Wednesday, June 22, 2011

Bean There Done That

No, I didn't misspell a word. I was just trying to think of a catchy title for my post on canning.  I was so very pleased last summer; for the first time ever I learned how to can.  Well, I had made freezer jam and I had exposure to canning as a child, since my mother did a little of it.  But with the encouragement of my 17 year old, homeschool graduate daughter, I learned how to can the vegetables that we grew in our garden.  The reason my daughter was such an encouragement to me was because she was so enthusiastic to learn how to can too.  So we endeavored to learn about how to properly can vegetables.  With the help of some wonderful videos, books and a lot of research on the internet we taught ourselves how to do this process.  My mother had given me a pressure canner and a large canning pot so we were raring to go.  Our first hot water bath canning was strawberry jam. This turned out to be pretty easy and I was thrilled with our success.  Then we went on to green beans, tomatoes, peppers, zucchini,  pickles and applesauce!  The biggest fear I had to overcome was using the pressure canner.  It was a little intimidating since I had never used one before.  The steam and the spinning weight on the top were a constant concern to me.  I envisioned an explosion and steaming hot water and vegetables all over my kitchen, but thankfully my worst fears never came to be.  This year we are hoping for more canning adventures. (No explosions please.) We planted a larger garden because our canned supply from last summer only lasted about six months and I'd love to see us get through a few more months.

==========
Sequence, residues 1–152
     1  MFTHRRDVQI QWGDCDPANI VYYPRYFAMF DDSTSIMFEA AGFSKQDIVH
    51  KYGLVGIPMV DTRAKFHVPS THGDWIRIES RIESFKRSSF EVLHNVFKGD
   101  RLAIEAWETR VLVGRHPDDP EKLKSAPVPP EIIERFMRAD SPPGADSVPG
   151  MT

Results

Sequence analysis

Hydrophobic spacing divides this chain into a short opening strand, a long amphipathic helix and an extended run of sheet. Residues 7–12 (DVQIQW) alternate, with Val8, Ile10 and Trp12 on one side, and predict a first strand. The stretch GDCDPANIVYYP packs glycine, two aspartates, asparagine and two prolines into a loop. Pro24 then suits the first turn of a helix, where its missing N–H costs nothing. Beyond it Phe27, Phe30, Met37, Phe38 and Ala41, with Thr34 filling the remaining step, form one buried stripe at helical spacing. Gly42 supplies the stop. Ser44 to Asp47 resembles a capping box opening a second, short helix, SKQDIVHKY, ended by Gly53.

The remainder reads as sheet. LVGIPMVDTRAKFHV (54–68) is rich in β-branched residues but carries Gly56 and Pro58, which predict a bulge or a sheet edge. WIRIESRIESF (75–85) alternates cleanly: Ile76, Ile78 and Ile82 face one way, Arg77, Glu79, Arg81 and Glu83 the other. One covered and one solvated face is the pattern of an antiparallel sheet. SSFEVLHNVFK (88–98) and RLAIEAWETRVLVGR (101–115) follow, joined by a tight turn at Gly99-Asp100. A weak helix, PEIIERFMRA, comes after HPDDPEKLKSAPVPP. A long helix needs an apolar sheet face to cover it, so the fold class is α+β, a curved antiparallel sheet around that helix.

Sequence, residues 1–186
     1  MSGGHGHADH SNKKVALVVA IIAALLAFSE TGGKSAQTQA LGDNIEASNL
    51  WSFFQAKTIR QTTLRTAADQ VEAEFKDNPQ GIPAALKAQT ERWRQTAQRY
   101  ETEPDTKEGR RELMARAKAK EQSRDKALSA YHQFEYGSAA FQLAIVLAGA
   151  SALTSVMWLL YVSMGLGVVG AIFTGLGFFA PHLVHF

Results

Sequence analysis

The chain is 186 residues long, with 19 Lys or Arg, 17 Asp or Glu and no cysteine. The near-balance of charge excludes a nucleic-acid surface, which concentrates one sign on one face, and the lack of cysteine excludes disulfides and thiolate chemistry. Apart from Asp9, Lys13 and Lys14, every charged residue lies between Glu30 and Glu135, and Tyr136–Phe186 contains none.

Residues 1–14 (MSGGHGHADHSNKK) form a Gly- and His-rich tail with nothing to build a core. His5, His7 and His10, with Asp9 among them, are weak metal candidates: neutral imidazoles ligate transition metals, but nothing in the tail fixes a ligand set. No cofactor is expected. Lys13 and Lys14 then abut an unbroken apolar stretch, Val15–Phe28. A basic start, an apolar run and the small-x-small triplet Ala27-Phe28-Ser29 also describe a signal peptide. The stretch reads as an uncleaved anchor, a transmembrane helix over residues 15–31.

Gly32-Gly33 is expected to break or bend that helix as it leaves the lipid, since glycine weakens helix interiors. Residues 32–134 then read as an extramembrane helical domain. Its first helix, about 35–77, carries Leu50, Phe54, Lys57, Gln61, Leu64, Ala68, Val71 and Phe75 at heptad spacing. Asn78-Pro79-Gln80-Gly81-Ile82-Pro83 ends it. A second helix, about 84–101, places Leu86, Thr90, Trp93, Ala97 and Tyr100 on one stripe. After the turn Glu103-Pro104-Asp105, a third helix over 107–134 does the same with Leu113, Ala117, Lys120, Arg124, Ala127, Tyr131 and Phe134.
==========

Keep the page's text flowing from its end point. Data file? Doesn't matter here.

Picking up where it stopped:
Even more valuable than being able to feed my family was that I learned how to can right along side my daughter.  We both learned valuable lessons that will be passed on for many years and maybe to many more generations.  It showed me that we should always learn new things.  How can we grow if we do not have a teachable spirit?  You're never too old to learn something new and what better way to learn than side by side with your children?  I hope you and your children will enjoy learning something new together this summer.  I'll let you know how our beans "can" out.  Happy homeschooling!

Proverbs 12:11a  Whoever works his land will have plenty of bread;

Proverbs 12:14 From the fruit of his mouth a man is satisfied with good, and the work of a man's hand comes back to him.


  1. Congrats on your canning success!!! This is absolutely something I am interested in and would love to learn how to do. My grandmother canned veggies from her farm, but the lessons weren't handed down.

    I don't think that we will have much to can though from our own harvest, because as you know, we have a "pot garden"! :o) But, I think I'd like to put a few cans of tomatoes away for stews and soups in the winter.

    I'm glad you posted this; it gives me a bit of encouragement to at least get to the library to find out "how." :o)

  2. Stacie, last year I didn't have enough cukes in my own garden to make as many pickles as I wanted, so I went to our local farmer's market and bought some beautiful cukes from them and made lots of pickles. If you have a farmer's market near you maybe that is a way to get fresh produce to can! Give it a try, it's worth it. Have fun.